PACE 2022: the results
PACE (the Parameterized Algorithms and Computational Experiments Challenge) is an implementation challenge for algorithms, aimed at students and junior researchers. Each year, the challenge is devoted to a different NP-hard problem. For such problems, it is widely believed that no efficient algorithm exists which finds an optimal solution for all inputs. The theory of parameterized algorithmics is aimed at such problems and investigates how to exploit structure that is present in real-life inputs to solve them more efficiently. The PACE challenge was conceived in 2015 to investigate the practical applicability of algorithmic ideas coming out of parameterized complexity.
This year, the challenge was devoted to the Directed Feedback Vertex Set problem. This is a famous and elegant problem about networks. Given a network consisting of vertices and directed edges, the goal is to break all the cycles in the network by removing as few vertices as possible. This is a fundamental problem in the field of combinatorial optimization, but also has various practical applications such as in the area of deadlock resolution.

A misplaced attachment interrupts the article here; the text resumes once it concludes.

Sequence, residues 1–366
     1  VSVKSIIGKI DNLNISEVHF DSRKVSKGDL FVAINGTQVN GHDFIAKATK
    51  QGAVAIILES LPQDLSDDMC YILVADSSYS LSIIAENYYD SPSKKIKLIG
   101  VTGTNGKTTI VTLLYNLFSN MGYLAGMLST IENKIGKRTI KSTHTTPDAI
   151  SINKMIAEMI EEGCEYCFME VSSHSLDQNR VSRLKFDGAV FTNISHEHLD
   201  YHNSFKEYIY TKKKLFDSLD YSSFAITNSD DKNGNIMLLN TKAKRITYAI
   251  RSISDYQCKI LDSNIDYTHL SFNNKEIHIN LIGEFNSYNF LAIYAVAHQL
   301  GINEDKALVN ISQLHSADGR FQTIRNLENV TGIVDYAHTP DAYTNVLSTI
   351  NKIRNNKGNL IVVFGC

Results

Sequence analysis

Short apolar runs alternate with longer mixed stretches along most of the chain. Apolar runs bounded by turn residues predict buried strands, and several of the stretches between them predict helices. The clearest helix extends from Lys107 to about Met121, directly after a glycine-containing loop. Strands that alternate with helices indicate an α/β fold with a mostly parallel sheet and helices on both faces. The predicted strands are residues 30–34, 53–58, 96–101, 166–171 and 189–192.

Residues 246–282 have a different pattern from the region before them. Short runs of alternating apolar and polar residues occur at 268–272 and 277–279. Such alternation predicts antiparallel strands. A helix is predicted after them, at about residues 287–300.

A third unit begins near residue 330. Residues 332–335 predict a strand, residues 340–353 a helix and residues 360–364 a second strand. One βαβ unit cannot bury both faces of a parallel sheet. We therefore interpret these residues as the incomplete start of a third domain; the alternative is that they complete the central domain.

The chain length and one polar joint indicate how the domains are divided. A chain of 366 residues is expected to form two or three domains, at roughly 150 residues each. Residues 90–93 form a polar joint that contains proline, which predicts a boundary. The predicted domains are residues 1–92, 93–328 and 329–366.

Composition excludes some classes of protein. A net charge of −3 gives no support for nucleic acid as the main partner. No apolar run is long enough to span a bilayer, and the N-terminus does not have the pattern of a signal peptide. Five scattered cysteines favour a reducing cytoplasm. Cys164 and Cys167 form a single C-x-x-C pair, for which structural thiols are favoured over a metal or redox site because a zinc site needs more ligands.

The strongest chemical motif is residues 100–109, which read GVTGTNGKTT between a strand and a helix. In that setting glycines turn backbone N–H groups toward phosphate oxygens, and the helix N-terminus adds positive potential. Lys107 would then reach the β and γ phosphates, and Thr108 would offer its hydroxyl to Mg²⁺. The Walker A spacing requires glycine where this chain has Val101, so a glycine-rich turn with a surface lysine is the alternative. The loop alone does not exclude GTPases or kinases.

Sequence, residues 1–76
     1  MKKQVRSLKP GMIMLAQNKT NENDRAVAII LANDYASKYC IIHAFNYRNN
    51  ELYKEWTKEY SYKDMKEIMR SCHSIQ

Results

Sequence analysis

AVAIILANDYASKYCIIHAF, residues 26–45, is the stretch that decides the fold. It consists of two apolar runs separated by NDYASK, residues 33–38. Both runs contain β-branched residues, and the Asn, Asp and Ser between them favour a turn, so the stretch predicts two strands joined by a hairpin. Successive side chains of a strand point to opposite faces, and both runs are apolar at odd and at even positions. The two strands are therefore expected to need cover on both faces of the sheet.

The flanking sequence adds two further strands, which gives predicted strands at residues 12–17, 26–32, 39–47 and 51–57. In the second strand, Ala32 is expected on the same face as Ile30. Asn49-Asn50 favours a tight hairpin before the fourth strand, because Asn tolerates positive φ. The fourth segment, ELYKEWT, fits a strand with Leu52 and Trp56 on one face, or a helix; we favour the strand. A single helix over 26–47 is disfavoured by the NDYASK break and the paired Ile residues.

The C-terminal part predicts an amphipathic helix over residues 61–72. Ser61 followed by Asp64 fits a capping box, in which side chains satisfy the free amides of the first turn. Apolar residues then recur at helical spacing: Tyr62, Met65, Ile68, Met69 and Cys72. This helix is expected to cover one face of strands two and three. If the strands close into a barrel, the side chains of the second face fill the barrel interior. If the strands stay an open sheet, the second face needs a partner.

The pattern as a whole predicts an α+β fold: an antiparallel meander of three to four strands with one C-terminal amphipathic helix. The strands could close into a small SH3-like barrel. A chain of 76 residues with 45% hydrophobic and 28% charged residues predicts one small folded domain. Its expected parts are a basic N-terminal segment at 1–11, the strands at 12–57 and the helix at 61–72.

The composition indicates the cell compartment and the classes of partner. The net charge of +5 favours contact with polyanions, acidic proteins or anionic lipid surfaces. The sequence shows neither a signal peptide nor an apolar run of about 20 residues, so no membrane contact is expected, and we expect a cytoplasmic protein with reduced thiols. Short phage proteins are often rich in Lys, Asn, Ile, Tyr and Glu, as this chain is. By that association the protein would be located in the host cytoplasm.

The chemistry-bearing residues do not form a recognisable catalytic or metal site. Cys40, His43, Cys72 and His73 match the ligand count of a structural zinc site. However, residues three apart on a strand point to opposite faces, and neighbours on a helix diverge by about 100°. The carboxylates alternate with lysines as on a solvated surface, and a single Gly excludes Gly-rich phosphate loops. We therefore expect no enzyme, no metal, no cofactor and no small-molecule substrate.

Over 26 teams participated, representing 12 teams spanning 3 different continents. The competition was split into an exact track (build an algorithm that is not allowed to make any mistakes) and a heuristic track (build an algorithm which even works for much larger inputs, which should output a solution which is close to but not necessarily optimal). The winning implementations combined a wide array of data-reduction rules to shrink the problem inputs, together with solvers for integer linear programming or constraint satisfaction problems. A key idea employed in multiple solvers was to use ‘lazy constraint generation’. A valid solution to the problem must break all the cycles. Since the number of distinct cycles in an input graph can be exponentially large in terms of the size of the graph, considering all cycles of the graph explicitly is very inefficient. A faster algorithm can be obtained by initially considering only a few strategically sampled cycles, only considering additional cycles when the solution under construction breaks all the sampled cycles but misses some cycle that has not yet been encoded into the algorithm. Andre Schidler and Rafael Kiesel (TU Wien) used this strategy to win the exact track, solving 185 out of the 200 benchmark inputs exactly. Sylwester Swat (Poznan University Of Technology) won the heuristic track, by using an approach based on agent flows to make an estimate of which vertices of the graph occur on many cycles.
The award ceremony for the competition was held at IPEC 2022, the International Symposium on Parameterized and Exact Computation. It took place in Potsdam, Germany. The next iteration of PACE has been announced: see www.pacechallenge.org for more information.